the water. I was directed by two of The packets that had sailed before us, them near me, to place my thighs on had arrived in Calais barbour about five their shoulders, but in our passage o'clock, whilst both wind and tide failed through the water, I found that one of burs at eight, four miles from Calais. the men was much shorter than the Several muskets were fired, and other other, which placed ine in such a situasignals made by our captain, for the tion, that I could not have endured it a boatmen of Calais to come to our vessel. moment longer, when they put me down At last, when it was almost dark, a on the sand. I fortunately found mylarge boat came alongside of us. Seve- self in company with two passengers, ral ladies and their friends preferred who resided at Calais; these led me over remaining in the packet all night; the the sands to a place where we had to boat put ott with the other passengers, clamber up a broken ladder, to get upon including myself. An old man sat at the pier, and after stumbling in the the helm of this boat, calling out fre- dark over the ropes with which the ships quently to the rowers, Tirez fort! (pull were fastened, we arrived at the Cushard,) at which they often seemed af- tom-house. This, by the light of only fronted. The rowers, when putting their a lanthorn, appeared like a den of bancars into the water, rose from their seats ditti, where several men were lying on and fell back upon them, as they made sacks on the ground. the pull

. I imagined from the beginning these, one grotesque figure rose yawn: that I saw the lights in the houses of ing, and being informed that we had Calais, but soon discovered my mistake. left our baggage on board the packet, The water, as it was turned up by the allowed us to proceed to the town, and oars, emitted a silvery light, which in- I arrived at Dessin's (now Quillac's). creased in brilliancy, as the night grew hotel betiséen eleven and twelve at night. New MONTHLY MAG-No. 28.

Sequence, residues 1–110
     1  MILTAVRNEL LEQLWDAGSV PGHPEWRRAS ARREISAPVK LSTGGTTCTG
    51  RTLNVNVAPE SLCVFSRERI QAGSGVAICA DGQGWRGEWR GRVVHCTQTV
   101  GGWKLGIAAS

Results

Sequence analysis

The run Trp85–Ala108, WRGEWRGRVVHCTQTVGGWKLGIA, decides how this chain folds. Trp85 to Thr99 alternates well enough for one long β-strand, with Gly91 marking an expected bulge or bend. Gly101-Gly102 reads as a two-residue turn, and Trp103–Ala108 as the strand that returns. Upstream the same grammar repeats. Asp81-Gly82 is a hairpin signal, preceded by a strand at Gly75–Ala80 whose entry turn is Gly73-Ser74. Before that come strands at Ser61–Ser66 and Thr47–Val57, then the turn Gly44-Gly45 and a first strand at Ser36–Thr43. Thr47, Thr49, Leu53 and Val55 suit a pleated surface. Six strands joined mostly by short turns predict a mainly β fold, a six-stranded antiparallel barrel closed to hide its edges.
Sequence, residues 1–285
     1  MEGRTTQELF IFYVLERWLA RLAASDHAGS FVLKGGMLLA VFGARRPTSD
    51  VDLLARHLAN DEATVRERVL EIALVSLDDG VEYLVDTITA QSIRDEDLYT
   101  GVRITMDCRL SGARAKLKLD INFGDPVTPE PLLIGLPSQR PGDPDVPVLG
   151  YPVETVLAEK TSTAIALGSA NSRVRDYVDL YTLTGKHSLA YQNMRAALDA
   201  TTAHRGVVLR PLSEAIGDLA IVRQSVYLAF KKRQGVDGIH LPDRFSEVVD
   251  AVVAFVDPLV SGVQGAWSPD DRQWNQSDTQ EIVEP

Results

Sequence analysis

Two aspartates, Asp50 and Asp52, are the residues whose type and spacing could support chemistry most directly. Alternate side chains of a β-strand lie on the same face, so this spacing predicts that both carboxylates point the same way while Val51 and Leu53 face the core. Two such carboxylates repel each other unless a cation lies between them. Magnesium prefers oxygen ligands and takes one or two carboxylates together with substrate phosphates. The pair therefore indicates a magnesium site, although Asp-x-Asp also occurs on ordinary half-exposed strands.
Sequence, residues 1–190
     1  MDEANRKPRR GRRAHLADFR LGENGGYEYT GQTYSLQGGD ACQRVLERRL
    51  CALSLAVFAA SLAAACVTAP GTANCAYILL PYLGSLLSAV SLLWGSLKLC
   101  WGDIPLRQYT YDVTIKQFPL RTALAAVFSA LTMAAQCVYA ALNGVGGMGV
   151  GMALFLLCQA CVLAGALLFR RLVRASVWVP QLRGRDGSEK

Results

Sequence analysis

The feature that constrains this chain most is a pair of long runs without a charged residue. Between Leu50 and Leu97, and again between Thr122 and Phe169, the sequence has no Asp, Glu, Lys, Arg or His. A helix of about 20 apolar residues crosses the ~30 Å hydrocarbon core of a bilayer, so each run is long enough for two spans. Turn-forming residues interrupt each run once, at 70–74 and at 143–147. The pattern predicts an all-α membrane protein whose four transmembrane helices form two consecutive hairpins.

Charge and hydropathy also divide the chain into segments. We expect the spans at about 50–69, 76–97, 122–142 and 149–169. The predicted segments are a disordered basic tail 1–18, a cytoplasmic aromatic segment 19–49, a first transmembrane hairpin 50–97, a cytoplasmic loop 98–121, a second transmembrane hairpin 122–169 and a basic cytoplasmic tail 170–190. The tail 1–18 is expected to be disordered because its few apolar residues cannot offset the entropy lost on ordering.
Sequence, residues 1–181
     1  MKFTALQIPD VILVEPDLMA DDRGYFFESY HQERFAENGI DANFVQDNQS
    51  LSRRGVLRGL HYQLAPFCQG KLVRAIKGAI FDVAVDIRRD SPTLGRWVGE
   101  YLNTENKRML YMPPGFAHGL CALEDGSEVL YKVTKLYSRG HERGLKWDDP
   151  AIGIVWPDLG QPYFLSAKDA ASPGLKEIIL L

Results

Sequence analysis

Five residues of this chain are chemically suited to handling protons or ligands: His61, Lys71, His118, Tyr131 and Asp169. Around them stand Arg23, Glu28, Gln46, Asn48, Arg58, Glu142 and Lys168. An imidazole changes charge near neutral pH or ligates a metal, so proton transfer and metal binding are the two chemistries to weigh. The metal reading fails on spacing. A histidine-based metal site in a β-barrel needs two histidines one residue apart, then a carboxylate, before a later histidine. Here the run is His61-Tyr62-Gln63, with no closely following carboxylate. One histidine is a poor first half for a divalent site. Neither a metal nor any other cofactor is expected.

Voi, V.

2P

From anong

290 A Trip to Paris in August and September 1815. (May 1,

Not having been in a bed since I left the cracking of his whip, to their last my own in London, wlien I awoke in effort, to drag, in some degree of style the morning at Calais, I had no recol into the yard, a heavy, old, crazy, and lection of the journey I bad undertaken, jolting vehicle, which has not been and was astonished, when I looked up cleaned, because, as Swift's groom obto the top of the lofty curtoius bang- served, it would soon grow dirty again. ing from the very bigh ceiling in form Anon in comes, galloping and cracking of a throne; but soon coming to my his whip, some dapper foreign courier, recollection, I said to myself: I am in full of ibe consequence of the dispatches France.